My oldest friend, Dan Currie, describes the history of our friendship as a series of figure eights. Over the years, we swing into and out of each other’s life, a pattern that I hope continues into the next life, even if we come back as squirrels or lab rats. On Friday, Dan shot me an e-mail informing me about a Saturday activity here in New England that he figured would interest me. Like many of our Close Encounters, this one involved the game of rugby. The All Deaf Rugby Football Club would play the Framingham Exiles in Massachusetts. The rugby club I founded during graduate school at Gallaudet College in Washington, DC had lasted a few seasons after my graduation before it went the way of many sports enterprises, so learning that nearly 40 years later, deaf athletes were playing the game in America stopped me in my tracks.
I put a little over 400 miles on the car Saturday, leaving the sanctuary of Maine for the expressways of Boston, and it was worth all the cursing I exchanged with my fellow drivers. Arriving at the Irish Culture Center, I watched a team of rugby players warm up, laugh, bicker, borrow a player because they had traveled a man short, play hard, fall behind big and finish strong, scoring two late tries when many teams would have packed it in. I met fans, many who had never seen rugby, and we chatted, laughed, shared stories, figured out whom we knew in common and finally exchanged names and contact information. Drank a pint at the pub, discussed the match, the refereeing, the inevitable No Shows for a road game, the difficulty of keeping a club together. When I launched into a rant about what clubs need to do to thrive, a player smiled and told me, “You’re preaching to the choir.” As at Blackthorn post-game parties over the last forty-some years, friends, wives, children and grandchildren thronged about the bar. I had never met these people, yet we were not quite strangers. Everything was eerily familiar. Such a day could have happened at a rugby pitch anywhere, but all of these players and fans were part of the deaf community. Is this 1973? Is this Gallaufukindet RFC?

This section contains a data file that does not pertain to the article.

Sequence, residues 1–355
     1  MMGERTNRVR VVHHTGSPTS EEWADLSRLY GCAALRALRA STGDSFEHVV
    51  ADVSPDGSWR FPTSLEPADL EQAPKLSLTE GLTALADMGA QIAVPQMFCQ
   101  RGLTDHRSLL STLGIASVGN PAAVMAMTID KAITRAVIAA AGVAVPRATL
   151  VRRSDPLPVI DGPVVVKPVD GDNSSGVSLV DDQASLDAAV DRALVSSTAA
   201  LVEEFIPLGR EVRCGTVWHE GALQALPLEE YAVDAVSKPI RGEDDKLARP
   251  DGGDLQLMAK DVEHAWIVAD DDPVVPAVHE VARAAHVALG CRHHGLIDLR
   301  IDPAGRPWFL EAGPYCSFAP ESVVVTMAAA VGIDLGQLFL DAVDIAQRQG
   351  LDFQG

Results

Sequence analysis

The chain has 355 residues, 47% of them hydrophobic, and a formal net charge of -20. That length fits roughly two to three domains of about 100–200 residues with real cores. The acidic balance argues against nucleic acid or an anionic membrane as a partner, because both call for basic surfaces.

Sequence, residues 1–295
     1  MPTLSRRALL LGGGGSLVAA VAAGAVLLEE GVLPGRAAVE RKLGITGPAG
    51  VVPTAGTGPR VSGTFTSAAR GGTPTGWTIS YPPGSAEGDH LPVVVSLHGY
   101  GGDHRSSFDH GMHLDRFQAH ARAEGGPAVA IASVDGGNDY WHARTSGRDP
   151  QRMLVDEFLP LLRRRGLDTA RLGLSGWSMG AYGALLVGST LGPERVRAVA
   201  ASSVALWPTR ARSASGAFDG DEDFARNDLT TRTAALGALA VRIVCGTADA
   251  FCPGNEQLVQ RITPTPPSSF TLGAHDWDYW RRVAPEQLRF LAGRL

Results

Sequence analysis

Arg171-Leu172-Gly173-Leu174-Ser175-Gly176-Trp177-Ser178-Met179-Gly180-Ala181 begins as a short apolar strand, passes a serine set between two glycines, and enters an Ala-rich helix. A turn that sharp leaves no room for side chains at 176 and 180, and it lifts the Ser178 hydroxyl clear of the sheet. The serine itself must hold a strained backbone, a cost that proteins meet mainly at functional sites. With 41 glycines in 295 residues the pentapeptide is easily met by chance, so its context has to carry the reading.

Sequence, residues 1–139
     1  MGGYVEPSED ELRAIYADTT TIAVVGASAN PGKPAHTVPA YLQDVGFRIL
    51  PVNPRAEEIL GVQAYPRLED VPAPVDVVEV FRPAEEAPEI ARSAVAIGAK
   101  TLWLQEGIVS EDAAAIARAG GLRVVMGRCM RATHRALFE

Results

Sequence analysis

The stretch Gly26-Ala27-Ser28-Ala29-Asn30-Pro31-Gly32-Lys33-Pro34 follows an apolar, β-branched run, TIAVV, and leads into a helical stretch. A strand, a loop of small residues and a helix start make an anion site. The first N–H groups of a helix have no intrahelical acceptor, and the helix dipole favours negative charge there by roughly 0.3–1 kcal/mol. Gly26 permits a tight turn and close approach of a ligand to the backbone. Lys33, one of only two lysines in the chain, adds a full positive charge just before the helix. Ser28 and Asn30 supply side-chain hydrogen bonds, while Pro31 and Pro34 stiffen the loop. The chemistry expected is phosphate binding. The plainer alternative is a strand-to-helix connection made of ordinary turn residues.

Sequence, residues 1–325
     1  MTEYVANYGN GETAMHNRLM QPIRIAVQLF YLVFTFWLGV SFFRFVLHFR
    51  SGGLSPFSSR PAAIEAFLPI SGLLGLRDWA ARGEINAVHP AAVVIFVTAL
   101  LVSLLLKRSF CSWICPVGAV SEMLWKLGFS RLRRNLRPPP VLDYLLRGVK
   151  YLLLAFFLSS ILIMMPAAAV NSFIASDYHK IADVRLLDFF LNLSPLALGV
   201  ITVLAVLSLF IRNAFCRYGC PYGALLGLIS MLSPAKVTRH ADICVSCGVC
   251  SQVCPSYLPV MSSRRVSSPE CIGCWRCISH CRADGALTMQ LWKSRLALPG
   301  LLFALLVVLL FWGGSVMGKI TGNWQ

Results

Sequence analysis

I ended the day, wondering how many of my fellow humans get the chance to discover family members they never knew existed. I thought about Identical Strangers, a nonfiction book about identical twins who learn of their twinship as adults. Each young woman ultimately meets someone who has grown up entirely removed from her yet bears perfectly matching DNA. Of course, they look alike, but they turn out to share interests, tastes, mannerisms galore. I felt something like that yesterday.
People reaching a certain age tend to seek reconnection with faces from their past. I’ve been in that stage for some time now. Yesterday did nothing to lessen that urge in me; it fueled me to find those guys whose young faces and long hair I see in the faded team picture on my wall. But yesterday was about more than nostalgia. I want to follow the adventures of these guys, my very recent acquaintances, on Facebook. I want to cheer them on. I’ve ordered a t-shirt. Already, there’s talk about a reunion. Because we’re not strangers. We’re something much closer. We just didn’t know it until yesterday. I’ve been blessed to do the figure-eight thing with many people who have brought such meaning to my life, and I’m glad that Brian Fitzpatrick, Jeff Malcolm and Mark Hughey—fans, and Terric (or is it Terrific) Stephens, Ben Barnes, Mark Burke, Kyle Larson—players (to name just a few) and deaf referee Richard Knopf don’t mind swinging their way into my life and letting me be part of theirs.